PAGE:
By Richard W. Franke
A previous Steps to Sustainability piece (which appeared in the the November 21-27, 2016, issue of Tompkins Weekly) focused on “tipping points.”
A tipping point can be thought of as something that happens within or to a system. Among sustainability advocates and activists, “systems thinking” has become the norm. In her widely used introductory book, “Thinking in Systems: A Primer,” Donella H. Meadows defines a system as “an interconnected set of elements that is coherently organized in a way that achieves something.”
Beyond this basic definition, systems have numerous properties that merit the attention of all who are interested in sustainability. Meadows was one of the primary authors of the famous 1972 MIT study on Limits to Growth.
The Limits to Growth study was one of the earliest uses of computer simulations but systems thinking had already begun to spread widely by 1972. Indeed, systems thinking began to develop near the beginning of the 20th Century. How this happened is the subject of a brief historical review in physicist Fritjof Capra’s book, “The Web of Life: A New Scientific Understanding of Living Systems.” Capra notes that systems thinking developed from attempts to solve problems that developed in 19th and 20th century science.
Earlier in the16th and 17th centuries, great scientific thinkers such as Copernicus, Galileo, and Descartes overthrew the mystical church-sponsored version of nature. Their revolutionary new thinking was influenced by inventions such as the telescope and various mechanical devices. Descartes published his famous Discourse on the Method in 1637. He proposed to analyze complex phenomena by breaking them into small pieces. He argued that we understand the whole by understanding the properties of its parts.
This approach was perfected almost a century later by Sir Isaac Newton whose work seemed to prove the world to be “a perfect machine governed by exact mathematical laws.” One implication of the scientific worldview of those times was that ultimately all fields of science would be reduced to physics. This is one example of the concept of reductionism that is today anathema to systems thinking.
By the beginning of the 20th century, Cartesian analysis had been established as the main paradigm in Western science for nearly 400 years. But gradually over this span of time various critics had raised questions about its ultimate usefulness. It was noted, for example, that “the taste of sugar is not present in the carbon, hydrogen and oxygen atoms that constitute its components.”
It was also asked how the laws of physics and chemistry could fully explain life. Is there life in the smallest particles of the bodies of living creatures in the smallest particles that together generate it? True, the great 19th century French scientist Louis Pasteur had seemingly reduced the spread of certain diseases to a “particle” in the body: the germ. But as cell biology developed in the 20th century, researchers made an unexpected discovery that complicated matters: in higher organisms, as the cells increase in number through doubling, strangely, the genetic information that is identical in each cell nonetheless results in a dizzying array of different and specialized outcomes – muscle, blood, bone, nerve and so on.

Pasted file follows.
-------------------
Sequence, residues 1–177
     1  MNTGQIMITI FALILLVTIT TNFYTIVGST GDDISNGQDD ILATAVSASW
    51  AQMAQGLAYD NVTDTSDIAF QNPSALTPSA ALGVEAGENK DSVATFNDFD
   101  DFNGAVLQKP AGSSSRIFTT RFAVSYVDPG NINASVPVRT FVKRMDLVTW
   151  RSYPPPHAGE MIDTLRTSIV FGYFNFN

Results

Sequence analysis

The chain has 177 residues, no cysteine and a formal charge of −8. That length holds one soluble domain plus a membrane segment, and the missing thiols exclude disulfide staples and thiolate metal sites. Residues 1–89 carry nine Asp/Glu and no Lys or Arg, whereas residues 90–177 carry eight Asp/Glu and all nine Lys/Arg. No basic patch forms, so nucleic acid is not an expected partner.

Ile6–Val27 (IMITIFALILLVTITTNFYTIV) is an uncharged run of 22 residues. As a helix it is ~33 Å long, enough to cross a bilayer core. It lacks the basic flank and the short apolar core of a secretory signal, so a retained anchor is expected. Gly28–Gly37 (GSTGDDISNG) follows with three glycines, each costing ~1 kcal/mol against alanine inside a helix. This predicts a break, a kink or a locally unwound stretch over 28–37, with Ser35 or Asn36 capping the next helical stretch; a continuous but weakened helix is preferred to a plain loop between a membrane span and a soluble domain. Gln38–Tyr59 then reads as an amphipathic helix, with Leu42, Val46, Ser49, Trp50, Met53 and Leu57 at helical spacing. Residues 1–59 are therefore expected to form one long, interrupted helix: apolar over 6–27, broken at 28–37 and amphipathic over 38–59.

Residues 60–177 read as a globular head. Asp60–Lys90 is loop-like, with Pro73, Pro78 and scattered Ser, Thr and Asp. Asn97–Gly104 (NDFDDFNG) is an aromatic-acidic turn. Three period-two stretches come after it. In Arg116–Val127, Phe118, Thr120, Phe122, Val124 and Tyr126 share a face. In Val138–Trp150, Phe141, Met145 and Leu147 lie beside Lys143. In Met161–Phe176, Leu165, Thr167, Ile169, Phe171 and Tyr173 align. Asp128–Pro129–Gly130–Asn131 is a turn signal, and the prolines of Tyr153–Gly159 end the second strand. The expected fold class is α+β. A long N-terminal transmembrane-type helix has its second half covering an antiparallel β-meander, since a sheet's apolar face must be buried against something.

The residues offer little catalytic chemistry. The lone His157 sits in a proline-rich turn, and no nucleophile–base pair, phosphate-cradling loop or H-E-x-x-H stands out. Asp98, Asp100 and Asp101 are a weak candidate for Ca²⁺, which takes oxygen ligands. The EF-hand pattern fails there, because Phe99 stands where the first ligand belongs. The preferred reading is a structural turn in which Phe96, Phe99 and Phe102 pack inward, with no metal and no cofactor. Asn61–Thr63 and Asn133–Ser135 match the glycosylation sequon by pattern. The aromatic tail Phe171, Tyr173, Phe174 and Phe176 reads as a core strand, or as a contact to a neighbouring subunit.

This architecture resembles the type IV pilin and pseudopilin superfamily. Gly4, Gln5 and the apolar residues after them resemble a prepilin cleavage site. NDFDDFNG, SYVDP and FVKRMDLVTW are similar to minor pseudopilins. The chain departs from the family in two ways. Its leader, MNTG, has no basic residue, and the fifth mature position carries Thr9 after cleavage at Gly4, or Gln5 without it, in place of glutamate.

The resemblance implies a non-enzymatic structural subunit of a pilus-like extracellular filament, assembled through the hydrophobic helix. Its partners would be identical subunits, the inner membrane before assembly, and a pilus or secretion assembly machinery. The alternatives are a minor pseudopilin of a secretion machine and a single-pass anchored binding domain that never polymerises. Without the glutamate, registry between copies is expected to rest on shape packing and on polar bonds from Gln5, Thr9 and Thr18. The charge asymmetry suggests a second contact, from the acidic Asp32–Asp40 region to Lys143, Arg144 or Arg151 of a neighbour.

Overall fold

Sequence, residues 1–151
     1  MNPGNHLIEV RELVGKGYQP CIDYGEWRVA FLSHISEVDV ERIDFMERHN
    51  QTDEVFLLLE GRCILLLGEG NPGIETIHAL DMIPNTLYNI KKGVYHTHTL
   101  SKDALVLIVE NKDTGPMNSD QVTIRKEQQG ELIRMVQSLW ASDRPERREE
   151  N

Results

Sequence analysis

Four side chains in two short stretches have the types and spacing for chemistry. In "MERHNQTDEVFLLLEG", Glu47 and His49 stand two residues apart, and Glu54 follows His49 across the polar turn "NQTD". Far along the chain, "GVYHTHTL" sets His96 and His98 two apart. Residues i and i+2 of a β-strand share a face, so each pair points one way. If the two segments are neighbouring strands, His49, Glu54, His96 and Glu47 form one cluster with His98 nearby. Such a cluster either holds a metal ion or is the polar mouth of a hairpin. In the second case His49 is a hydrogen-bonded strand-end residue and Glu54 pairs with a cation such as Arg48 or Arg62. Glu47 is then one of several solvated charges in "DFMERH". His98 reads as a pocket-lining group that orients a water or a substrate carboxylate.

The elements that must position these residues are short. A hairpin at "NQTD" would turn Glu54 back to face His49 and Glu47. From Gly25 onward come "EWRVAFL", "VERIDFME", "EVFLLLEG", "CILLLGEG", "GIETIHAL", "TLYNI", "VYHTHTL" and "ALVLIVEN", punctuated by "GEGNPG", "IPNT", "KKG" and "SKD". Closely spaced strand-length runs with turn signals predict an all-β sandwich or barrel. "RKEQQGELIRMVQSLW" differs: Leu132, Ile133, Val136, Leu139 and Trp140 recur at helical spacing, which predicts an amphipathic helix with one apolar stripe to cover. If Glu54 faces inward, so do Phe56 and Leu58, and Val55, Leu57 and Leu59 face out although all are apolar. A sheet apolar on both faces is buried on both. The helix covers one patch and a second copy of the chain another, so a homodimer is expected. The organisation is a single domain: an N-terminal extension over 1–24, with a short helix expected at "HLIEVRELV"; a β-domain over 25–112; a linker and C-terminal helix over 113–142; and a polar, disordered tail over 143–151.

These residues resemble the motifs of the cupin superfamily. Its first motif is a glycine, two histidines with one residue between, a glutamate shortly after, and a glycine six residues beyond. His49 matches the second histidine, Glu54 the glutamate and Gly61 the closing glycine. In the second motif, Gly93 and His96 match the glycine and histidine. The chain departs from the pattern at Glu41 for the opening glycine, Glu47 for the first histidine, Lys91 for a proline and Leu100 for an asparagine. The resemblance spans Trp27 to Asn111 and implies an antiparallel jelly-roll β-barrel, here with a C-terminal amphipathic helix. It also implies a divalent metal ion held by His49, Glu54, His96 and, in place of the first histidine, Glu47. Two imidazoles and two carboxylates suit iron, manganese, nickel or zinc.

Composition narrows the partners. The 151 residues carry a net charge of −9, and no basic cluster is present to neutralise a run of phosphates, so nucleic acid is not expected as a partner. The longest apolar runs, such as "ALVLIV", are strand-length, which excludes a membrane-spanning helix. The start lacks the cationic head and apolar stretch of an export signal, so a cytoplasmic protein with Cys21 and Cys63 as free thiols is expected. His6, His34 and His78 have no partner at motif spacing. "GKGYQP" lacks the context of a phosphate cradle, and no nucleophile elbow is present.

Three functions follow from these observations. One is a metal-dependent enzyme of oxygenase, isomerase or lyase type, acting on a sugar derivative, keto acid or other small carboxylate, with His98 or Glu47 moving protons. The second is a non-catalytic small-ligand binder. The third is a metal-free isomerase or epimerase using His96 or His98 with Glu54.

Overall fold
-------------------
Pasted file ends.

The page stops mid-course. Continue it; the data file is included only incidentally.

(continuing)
Finally, the mechanistic scientific paradigm of Descartes and Newton fell victim in physics itself to the theory of relativity and to quantum physics. In relativity Einstein’s particles change size as they approach the speed of light – an apparent fact that would not easily fit into Descartes’ paradigm.
And in his 1987 book, “Beyond Einstein: The Cosmic Quest for the Theory of the Universe,” theoretical physicist Dr. Michio Kaku noted that by the 1950s, quantum “physicists were drowning in an ocean of subatomic particles.” And yet we can ask: are there sub-sub particles beneath those? If so, how many and how many layers? The search for a set of basic parts of the universe that would explain the whole became more and more elusive.
The dissolution of the Cartesian-Newtonian scientific paradigm ran parallel to a burgeoning set of new approaches in biology that became the essential components of the systems thinking that sustainability thinkers and activists utilize and depend on. In our next installment, we shall summarize a few of these and then begin our overview of some fundamental principles and concepts of systems thinking.
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This is the latest installment in our Signs of Sustainability series, organized by Sustainable Tompkins. Visit them online at www.sustainabletompkins.org. Richard W. Franke writes about the history of sustainability. He is professor emeritus of anthropology at Montclair State University, a resident of Ecovillage at Ithaca and a board member and treasurer of Sustainable Tompkins.